Eric P. Lemonholm
March 9, 2011
Matt 6:1[-6, 16-21]; Joel 2:1-2, 12-14 [-17]; Isaiah 58:1-10 [11-12]; 2 Cor. 5:20b-6:2 [-10]
Today is the first day of the season of Lent.
Today is Ash Wednesday.
Sometimes, if we know a little history, if we know where we come from, it helps us understand who we are and where we are going.
This Ash Wednesday let me begin by walking you through a little history.[ii]
The season of Lent began as a 40-day period of preparation for Baptism in the early church.
In the early days of the church, Baptisms were often performed on the Saturday night before Easter, during the Easter Vigil.
The period from Ash Wednesday until then was a period of preparation and repentance for adults and children, before they were baptized on the Saturday between Good Friday and Easter Sunday.
Adults who were going to be baptized during the Easter Vigil would fast the entire period of Lent, except for Sundays, because Sundays are “always feasts celebrating the resurrection.”
- Just as Jesus fasted 40 days in the wilderness at the beginning of his ministry;
- Just as Moses stayed on Mount Sinai in God’s presence 40 days;
- Just as the Israelites wandered 40 years in the desert;
- And just as Elijah fasted on his way to the mountain of God;
- So candidates for Baptism fasted 40 days during Lent, and spent much of their time in prayer and learning about the Christian faith.
Lent for us is still a time of repentance, a time of turning away from sin and turning toward God in prayer, in reading the Bible, in fasting.
Today, Ash Wednesday, is a Day of Atonement.
It is a solemn day.
A day for repentance.
As the Manual on the Liturgy states, Ash Wednesday is a day to reflect “on the quality of our faith and life; its goal is participation in the Lenten discipline, which, by its focus on the mystery of redemption [through Christ], should strengthen us by bringing us anew to the gift of our Baptism.”
Ash Wednesday itself began as a day when hard core sinners were expelled from the church, temporarily excommunicated, placed under discipline for the 40 days of Lent—that is where our word ‘quarantine’ comes from—it means ‘40’—the 40 days that sinners were ‘quarantined’ from the church, until Easter.
Now, we’re not going to expel anyone from this place tonight. None of us are going to be quarantined from church during Lent.
If sinners had to be quarantined from church during Lent, none of us would be here!
But we do recognize the serious nature of Ash Wednesday and Lent.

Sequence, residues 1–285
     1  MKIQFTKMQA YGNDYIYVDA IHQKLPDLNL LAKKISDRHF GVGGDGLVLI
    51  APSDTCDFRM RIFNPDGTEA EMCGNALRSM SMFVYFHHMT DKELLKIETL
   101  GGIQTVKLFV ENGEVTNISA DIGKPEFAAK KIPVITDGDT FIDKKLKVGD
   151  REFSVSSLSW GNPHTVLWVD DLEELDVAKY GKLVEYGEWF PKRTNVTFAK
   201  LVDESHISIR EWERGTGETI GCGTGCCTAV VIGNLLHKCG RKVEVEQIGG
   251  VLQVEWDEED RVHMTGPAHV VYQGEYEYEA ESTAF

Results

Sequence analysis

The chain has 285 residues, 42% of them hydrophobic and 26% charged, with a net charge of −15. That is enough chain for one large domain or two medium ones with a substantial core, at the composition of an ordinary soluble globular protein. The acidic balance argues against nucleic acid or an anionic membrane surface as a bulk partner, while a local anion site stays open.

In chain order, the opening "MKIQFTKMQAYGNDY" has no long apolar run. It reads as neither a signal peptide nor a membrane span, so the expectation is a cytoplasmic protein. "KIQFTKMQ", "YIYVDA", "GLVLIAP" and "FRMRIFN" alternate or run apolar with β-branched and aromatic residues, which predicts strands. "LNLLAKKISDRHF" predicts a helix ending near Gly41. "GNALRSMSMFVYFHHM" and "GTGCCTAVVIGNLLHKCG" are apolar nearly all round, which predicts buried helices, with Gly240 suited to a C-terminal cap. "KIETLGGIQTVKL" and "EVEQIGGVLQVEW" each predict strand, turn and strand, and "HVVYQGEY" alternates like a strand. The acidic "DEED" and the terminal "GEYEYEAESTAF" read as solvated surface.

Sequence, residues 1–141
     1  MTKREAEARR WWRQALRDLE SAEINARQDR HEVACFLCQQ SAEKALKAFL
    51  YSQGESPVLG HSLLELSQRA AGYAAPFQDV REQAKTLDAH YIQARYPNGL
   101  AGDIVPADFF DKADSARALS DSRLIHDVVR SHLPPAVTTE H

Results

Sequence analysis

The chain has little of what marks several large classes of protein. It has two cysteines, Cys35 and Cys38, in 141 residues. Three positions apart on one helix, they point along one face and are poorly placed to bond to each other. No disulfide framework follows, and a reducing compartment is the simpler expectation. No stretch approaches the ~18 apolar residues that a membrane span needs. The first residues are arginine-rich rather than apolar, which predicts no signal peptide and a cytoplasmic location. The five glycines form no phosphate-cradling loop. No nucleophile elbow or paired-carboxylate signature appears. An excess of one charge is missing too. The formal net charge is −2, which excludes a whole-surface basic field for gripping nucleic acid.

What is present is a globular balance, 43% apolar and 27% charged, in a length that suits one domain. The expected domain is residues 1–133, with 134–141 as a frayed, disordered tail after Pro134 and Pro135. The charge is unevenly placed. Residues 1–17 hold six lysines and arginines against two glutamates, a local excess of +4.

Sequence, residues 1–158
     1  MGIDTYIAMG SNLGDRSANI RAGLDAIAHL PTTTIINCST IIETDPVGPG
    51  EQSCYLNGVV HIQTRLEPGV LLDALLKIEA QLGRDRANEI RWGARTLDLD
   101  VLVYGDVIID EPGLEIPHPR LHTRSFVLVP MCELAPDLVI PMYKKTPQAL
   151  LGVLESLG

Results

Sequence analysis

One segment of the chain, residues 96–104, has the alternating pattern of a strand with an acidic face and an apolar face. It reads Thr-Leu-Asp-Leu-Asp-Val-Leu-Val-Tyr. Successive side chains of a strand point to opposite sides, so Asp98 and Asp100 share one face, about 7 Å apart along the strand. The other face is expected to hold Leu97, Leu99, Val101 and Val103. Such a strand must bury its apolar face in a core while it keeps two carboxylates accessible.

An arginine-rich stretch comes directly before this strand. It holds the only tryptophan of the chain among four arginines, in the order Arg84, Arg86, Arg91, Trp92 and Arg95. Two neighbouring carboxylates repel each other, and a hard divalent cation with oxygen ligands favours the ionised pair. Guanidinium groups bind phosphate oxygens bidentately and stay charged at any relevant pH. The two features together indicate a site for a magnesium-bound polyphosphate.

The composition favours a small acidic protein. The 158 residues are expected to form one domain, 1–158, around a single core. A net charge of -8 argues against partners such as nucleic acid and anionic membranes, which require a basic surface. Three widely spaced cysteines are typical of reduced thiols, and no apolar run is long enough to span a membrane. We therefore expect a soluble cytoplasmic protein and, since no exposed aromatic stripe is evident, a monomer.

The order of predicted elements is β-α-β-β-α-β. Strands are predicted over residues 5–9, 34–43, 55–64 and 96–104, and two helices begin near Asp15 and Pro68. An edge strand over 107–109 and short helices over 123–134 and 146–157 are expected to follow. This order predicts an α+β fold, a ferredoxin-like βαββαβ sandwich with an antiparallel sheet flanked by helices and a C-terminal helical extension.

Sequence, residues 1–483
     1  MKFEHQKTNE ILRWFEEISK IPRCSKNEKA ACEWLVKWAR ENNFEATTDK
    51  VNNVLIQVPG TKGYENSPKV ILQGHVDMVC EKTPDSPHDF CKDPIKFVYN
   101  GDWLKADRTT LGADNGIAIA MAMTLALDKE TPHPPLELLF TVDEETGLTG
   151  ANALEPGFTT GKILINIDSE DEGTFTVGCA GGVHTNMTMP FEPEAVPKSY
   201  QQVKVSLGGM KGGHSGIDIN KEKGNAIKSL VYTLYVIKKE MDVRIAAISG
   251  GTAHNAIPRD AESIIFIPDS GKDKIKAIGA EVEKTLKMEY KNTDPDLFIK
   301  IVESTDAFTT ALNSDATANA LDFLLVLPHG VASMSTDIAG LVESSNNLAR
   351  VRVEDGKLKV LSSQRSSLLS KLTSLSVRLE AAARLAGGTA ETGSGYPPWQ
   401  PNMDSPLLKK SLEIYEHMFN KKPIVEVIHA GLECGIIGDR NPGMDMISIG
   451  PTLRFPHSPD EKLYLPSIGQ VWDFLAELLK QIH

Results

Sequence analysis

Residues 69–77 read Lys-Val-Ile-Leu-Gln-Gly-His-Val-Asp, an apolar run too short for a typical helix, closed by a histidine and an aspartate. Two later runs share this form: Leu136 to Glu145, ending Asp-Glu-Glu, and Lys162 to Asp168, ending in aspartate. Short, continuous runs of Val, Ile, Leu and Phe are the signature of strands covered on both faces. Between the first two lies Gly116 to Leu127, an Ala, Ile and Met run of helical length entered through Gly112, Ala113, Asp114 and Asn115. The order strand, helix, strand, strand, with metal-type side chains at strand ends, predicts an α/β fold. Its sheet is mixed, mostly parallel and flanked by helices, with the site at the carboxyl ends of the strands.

Each of us will receive an ashen cross on our foreheads.
These ashes are made by burning palms, the palms we wave in joy on Palm Sunday.
Ashes are a rich symbol:[iii]
- “Ashes suggest judgment and God’s condemnation of sin.”
- Ashes remind us of our “frailty, our total dependence upon God for life.”
- We are reminded “of the words of the committal in the burial service, “…earth to earth, ashes to ashes, dust to dust.” Someday, “those words will be said over us.”
- Ashes are a symbol of repentance. When people in the Bible feel sorry for the bad things they have done, they wear sackcloth and ashes, put ashes on their heads, or sit in dust and ashes.
- But ashes also represent “cleansing and renewal.” In the past, ashes were “used as a cleansing agent in the absence of soap.”
- In a way, the ashen cross on our foreheads reminds us of the water of our Baptism. When we baptize a child, we also make the mark of the cross on her forehead and say, “You have been sealed by the Holy Spirit and marked with the cross of Christ forever.”
- The ashes remind us of that seal of the Holy Spirit and that mark of the cross of Christ that is branded on our souls forever.
We are dust, and to dust we shall return.
God spoke these words to Adam after he and Eve had disobeyed God and eaten of the forbidden fruit.
We are also disobedient. We are also sinners. We are also dust, and to dust we shall return.
But we have also been marked by the cross of Christ.
We are not our own. We belong to Jesus. We are forgiven.
Our sin is forgiven – even Mine and Yours!
The season of Lent is not only a solemn time of prayer, repentance, and fasting.
Lent is also a joyful time of renewal, of rebirth.
Does anyone remember what “Lent” means?
It comes from an old word for the lengthening of days in spring.
Lent means spring.
The season of Lent is “the holy springtime of the soul, a time for preparation, planting, and growth.”
During Lent, we awaken from winter slumber.
Our dormant trunks thaw out.
The sap of God’s Spirit of Life flows through our veins.
Our roots grow deep in the soil of God’s word.
Our branches stretch to the sky, sprout leaves and begin to bear fruit.
Lent reminds us that by God’s grace we are alive!
We have been given the gift of today.
The gift of now.
The gift of worship together in this place.
The gift of life together in Jesus.
The gift of a new day.
You are alive – so start living – today and every day.
[ii] Information derived from the Manual on the Liturgy, pp. 305-9.
[iii] Quotes are from the Manual on the Liturgy.